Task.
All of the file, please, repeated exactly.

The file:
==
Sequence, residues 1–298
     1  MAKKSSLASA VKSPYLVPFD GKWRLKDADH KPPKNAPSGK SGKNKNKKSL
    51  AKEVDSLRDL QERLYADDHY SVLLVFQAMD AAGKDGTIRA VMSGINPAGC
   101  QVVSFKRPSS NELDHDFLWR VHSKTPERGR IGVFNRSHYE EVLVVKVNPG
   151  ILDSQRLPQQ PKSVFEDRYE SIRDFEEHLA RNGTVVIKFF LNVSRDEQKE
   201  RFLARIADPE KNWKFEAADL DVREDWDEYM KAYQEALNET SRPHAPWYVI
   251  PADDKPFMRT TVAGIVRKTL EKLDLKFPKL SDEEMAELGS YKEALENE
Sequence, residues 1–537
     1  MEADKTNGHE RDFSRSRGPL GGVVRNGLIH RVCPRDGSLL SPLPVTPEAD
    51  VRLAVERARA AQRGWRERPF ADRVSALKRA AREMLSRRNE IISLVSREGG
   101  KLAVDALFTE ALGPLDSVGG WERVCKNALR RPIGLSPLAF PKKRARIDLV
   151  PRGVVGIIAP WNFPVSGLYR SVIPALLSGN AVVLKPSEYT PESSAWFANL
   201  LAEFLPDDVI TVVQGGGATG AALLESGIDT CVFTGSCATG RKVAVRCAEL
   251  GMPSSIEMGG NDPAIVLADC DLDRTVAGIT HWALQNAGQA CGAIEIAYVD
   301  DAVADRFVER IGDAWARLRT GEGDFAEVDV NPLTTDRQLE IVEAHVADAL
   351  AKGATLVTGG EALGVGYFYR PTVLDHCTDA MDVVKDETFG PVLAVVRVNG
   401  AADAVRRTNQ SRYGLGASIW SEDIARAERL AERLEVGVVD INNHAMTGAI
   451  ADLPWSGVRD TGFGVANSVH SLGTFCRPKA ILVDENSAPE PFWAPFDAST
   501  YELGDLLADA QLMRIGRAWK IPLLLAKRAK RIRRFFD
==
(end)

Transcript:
Sequence, residues 1–298
     1  MAKKSSLASA VKSPYLVPFD GKWRLKDADH KPPKNAPSGK SGKNKNKKSL
    51  AKEVDSLRDL QERLYADDHY SVLLVFQAMD AAGKDGTIRA VMSGINPAGC
   101  QVVSFKRPSS NELDHDFLWR VHSKTPERGR IGVFNRSHYE EVLVVKVNPG
   151  ILDSQRLPQQ PKSVFEDRYE SIRDFEEHLA RNGTVVIKFF LNVSRDEQKE
   201  RFLARIADPE KNWKFEAADL DVREDWDEYM KAYQEALNET SRPHAPWYVI
   251  PADDKPFMRT TVAGIVRKTL EKLDLKFPKL SDEEMAELGS YKEALENE
Sequence, residues 1–537
     1  MEADKTNGHE RDFSRSRGPL GGVVRNGLIH RVCPRDGSLL SPLPVTPEAD
    51  VRLAVERARA AQRGWRERPF ADRVSALKRA AREMLSRRNE IISLVSREGG
   101  KLAVDALFTE ALGPLDSVGG WERVCKNALR RPIGLSPLAF PKKRARIDLV
   151  PRGVVGIIAP WNFPVSGLYR SVIPALLSGN AVVLKPSEYT PESSAWFANL
   201  LAEFLPDDVI TVVQGGGATG AALLESGIDT CVFTGSCATG RKVAVRCAEL
   251  GMPSSIEMGG NDPAIVLADC DLDRTVAGIT HWALQNAGQA CGAIEIAYVD
   301  DAVADRFVER IGDAWARLRT GEGDFAEVDV NPLTTDRQLE IVEAHVADAL
   351  AKGATLVTGG EALGVGYFYR PTVLDHCTDA MDVVKDETFG PVLAVVRVNG
   401  AADAVRRTNQ SRYGLGASIW SEDIARAERL AERLEVGVVD INNHAMTGAI
   451  ADLPWSGVRD TGFGVANSVH SLGTFCRPKA ILVDENSAPE PFWAPFDAST
   501  YELGDLLADA QLMRIGRAWK IPLLLAKRAK RIRRFFD